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Single Mastectomy vs double Mastectomy

I am 37 years old and have been diagnosed with DCIS high grade in my right breast.

I decided to do Mastectomy but not sure what to do with left breast as I want to keep it.
I have a family history of breast cancer.

any suggestions?


  • exbrnxgrl
    exbrnxgrl Member Posts: 4,509

    Is your family history confirmed by genetic testing? With the currently known genetic mutations (far more than BRCA genes), only a minority test positive, about 15%. I think knowing your genetic risks would be helpful in the decision making process. Take care

  • al0225
    al0225 Member Posts: 5

    thank you for your suggestion exbrnxgrl.
    I am waiting to hear my gene test results.

    I am new to this community and not following what does it meant by - Stage IV Bone met upper femur

  • exbrnxgrl
    exbrnxgrl Member Posts: 4,509
    edited August 24

    Stage IV means metastatic breast cancer. This is bc that has spread beyond the breast, typically to liver, bone, brain or lungs. Stage IV is not curable. Met is short for metastasis, so a bone met to the upper femur simply means there is bc growing on the femur (large thigh bone). Those of us who are stage IV often list the areas of mets in the diagnosis line.

    There was a page that explained commonly used abbreviations in the bc world but since the site upgrade 🙄, I am not sure where it is or if it still exists. You can try to search for it or just ask if an unfamiliar abbreviation comes up.

    I hope you get your genetic testing results soon as that can play an important role in decision making. Take care

  • mavericksmom
    mavericksmom Member Posts: 998

    If your doctor recommended mastectomy, I would definitely go with a bilateral. My reasoning is from experience after three diagnoses of breast cancer.

    I was denied a bilateral mastectomy in 2019 because my doctor lied to me and refused to remove my "healthy breast!" Low and behold, less than 4 years later, I was diagnosed in the opposite breast! I had a second mastectomy but had to have an implant which I hate.

    I would also highly recommend DIEP reconstruction! If you have DIEP for a single mastectomy, know that if you are diagnosed in the other breast in the years to come, you can't have the same reconstruction. DIEP is once and done! You can have it done for both breasts but it has to be done at the same time in one very long surgery!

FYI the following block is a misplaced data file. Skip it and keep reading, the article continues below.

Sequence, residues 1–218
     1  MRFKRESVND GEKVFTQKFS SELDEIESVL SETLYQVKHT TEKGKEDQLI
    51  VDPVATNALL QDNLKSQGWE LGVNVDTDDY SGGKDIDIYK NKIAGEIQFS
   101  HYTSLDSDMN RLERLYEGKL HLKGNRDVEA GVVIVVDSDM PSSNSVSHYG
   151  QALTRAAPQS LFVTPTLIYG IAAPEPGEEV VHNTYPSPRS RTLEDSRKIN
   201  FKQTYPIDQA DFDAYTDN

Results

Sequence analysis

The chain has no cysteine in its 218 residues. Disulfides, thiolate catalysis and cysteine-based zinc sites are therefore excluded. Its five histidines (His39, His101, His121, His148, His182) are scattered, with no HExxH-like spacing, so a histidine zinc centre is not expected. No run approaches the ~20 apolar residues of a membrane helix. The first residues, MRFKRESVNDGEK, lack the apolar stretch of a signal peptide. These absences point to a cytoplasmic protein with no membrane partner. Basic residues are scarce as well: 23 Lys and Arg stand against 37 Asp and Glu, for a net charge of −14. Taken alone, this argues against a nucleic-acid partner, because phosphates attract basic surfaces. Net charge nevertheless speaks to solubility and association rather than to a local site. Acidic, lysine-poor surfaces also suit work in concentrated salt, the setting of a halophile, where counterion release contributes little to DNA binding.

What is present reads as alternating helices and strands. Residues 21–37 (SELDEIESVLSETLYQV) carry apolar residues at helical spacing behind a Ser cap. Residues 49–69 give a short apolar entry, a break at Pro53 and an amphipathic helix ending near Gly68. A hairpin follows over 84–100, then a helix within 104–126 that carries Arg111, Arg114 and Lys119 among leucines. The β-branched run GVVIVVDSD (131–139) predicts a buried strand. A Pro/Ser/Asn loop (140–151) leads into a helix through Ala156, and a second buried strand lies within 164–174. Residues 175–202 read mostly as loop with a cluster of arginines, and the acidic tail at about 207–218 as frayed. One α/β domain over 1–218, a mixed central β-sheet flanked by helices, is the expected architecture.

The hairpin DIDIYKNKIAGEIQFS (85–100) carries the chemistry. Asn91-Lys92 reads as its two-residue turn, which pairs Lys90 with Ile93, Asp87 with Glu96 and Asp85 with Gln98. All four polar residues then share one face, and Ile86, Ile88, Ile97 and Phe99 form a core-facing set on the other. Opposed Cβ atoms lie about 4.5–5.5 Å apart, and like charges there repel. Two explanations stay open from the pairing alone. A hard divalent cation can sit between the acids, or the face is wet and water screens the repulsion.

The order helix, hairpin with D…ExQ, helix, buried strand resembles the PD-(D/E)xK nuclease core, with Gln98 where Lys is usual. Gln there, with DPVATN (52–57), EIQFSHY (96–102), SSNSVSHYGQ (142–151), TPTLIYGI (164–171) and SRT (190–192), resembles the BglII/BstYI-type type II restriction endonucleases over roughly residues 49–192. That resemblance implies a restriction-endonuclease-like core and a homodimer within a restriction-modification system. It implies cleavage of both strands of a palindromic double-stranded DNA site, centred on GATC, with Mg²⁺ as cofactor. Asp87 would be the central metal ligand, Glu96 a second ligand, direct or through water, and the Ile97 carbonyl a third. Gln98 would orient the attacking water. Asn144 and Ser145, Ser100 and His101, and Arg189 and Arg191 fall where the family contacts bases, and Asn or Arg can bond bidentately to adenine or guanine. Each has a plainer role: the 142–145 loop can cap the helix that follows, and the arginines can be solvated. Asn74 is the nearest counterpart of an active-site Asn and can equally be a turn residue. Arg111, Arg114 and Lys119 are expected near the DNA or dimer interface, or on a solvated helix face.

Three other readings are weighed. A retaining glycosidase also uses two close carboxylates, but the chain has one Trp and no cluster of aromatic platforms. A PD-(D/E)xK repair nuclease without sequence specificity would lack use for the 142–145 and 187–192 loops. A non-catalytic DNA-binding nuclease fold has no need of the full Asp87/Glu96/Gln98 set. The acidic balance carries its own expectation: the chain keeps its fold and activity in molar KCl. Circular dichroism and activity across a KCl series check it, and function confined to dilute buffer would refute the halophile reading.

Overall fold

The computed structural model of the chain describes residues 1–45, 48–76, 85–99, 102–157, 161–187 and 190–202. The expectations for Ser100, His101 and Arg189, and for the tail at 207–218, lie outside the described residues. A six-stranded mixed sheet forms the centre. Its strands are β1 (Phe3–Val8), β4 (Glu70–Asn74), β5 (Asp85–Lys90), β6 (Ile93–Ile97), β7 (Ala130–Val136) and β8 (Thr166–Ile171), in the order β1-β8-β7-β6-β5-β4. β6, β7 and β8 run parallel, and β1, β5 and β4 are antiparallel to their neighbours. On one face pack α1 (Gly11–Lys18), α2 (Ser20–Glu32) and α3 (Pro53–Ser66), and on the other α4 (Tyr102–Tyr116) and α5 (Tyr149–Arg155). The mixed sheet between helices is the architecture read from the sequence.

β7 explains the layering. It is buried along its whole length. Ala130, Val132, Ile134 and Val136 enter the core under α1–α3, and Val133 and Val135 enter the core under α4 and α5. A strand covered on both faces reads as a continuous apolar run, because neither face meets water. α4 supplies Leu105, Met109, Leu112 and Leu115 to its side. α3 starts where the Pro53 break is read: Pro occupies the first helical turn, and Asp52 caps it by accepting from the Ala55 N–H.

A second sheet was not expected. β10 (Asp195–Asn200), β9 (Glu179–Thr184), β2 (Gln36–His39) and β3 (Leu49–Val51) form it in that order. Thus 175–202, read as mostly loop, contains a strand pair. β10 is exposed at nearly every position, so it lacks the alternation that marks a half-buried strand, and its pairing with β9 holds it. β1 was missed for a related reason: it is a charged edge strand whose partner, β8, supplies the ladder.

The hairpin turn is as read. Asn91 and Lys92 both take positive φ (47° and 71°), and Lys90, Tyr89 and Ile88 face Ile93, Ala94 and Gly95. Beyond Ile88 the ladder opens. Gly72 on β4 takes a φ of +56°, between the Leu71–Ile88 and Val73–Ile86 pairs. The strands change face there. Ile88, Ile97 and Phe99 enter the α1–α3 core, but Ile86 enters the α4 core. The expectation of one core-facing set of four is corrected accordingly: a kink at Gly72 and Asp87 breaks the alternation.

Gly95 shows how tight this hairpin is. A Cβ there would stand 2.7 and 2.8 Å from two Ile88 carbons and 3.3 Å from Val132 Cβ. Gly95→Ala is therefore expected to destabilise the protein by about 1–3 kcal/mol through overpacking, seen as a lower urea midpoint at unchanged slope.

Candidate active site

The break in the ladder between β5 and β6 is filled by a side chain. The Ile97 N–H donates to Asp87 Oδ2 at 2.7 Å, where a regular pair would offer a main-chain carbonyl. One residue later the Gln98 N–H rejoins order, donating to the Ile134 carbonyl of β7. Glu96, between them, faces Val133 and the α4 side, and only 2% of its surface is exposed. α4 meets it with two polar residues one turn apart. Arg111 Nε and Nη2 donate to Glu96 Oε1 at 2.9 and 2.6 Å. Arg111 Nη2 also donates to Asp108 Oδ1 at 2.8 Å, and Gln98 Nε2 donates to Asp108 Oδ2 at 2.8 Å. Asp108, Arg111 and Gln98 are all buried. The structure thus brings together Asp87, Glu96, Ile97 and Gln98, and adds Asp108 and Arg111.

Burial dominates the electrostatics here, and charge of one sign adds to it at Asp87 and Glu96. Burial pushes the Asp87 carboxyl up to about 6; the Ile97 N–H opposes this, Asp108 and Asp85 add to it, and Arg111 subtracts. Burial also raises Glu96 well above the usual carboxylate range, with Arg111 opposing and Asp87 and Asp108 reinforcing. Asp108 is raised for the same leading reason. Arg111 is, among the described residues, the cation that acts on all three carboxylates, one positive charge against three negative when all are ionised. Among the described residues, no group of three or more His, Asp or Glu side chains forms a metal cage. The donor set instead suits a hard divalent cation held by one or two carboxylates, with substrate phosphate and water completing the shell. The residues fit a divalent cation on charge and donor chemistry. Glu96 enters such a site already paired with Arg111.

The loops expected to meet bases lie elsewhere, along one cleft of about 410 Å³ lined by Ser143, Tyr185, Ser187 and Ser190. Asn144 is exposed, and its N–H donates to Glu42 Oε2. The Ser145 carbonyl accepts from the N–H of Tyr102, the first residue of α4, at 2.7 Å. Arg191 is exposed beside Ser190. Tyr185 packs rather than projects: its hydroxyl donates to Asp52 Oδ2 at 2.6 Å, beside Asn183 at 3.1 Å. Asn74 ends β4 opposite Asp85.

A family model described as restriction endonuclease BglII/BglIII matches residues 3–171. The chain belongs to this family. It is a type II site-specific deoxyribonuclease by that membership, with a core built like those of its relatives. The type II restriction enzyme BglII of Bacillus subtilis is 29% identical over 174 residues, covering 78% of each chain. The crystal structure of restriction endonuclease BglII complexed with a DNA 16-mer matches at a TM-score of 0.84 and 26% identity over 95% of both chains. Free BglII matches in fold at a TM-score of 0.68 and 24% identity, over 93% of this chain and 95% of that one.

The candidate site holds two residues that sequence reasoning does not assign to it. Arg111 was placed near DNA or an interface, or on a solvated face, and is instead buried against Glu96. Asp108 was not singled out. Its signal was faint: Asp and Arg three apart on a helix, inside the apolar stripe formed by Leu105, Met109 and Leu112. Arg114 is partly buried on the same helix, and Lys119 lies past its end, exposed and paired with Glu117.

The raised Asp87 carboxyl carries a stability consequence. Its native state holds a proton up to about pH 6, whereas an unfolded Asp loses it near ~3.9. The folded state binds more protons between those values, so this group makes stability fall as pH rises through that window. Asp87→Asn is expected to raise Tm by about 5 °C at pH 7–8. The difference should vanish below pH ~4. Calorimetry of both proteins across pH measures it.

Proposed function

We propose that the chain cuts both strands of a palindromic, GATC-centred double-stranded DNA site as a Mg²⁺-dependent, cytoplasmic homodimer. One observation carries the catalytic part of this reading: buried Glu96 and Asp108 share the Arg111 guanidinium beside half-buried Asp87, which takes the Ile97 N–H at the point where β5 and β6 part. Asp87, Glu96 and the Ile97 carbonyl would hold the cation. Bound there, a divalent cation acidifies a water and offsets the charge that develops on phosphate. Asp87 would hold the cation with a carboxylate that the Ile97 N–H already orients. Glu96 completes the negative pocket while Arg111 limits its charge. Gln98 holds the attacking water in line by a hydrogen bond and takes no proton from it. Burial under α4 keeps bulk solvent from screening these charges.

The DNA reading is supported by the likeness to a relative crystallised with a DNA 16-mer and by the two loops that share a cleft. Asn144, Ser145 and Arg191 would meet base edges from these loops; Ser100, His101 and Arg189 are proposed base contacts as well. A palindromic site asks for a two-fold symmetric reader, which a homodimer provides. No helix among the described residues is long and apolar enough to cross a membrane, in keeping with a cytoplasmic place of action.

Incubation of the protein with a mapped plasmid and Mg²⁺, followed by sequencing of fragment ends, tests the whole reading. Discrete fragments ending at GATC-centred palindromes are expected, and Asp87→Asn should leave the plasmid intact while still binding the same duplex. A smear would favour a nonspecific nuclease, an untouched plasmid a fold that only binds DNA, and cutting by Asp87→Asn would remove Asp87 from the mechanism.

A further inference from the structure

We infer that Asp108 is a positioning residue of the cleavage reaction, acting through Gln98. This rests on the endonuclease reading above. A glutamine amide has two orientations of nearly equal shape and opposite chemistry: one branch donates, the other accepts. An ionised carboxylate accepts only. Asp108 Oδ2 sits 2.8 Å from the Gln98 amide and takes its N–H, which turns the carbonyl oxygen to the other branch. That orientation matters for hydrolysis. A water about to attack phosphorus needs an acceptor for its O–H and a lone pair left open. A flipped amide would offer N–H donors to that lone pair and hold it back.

• moderators
    moderators Posts: 7,260

    @al0225 and @exbrnxgrl, here is the Guide to common abbreviations, where you can find definitions for all the medical terms and abbreviations. 😊

    The Mods

  • moderators
    moderators Posts: 7,260

    @al0225 Choosing between a single and double (bilateral) mastectomy can be challenging, and the right decision is different for each woman. Medical concerns to weigh include your risk of developing a second breast cancer, as well as the surgical risk of the procedure. You'll know more, as you've mentioned, after you receive your genetic testing.

    Personal concerns may include anxiety about lifelong monitoring for another cancer on one side or reduced sensation on the other. There are also financial, emotional, social, and practical issues to consider.

    Ultimately, the choice is a personal decision that should be made after carefully considering the best information you currently have.

  • miriandra
    miriandra Member Posts: 1,884

    If you decide to go flat, be sure you discuss Aesthetic Flat Closure with your doctor. It's a specific style of reconstruction that leaves a smooth chest wall where the breast was with a minimum of excess skin or lumps. I don't wear a foob, but I have heard that they are much more comfortable over a flat chest than over dogears and folds.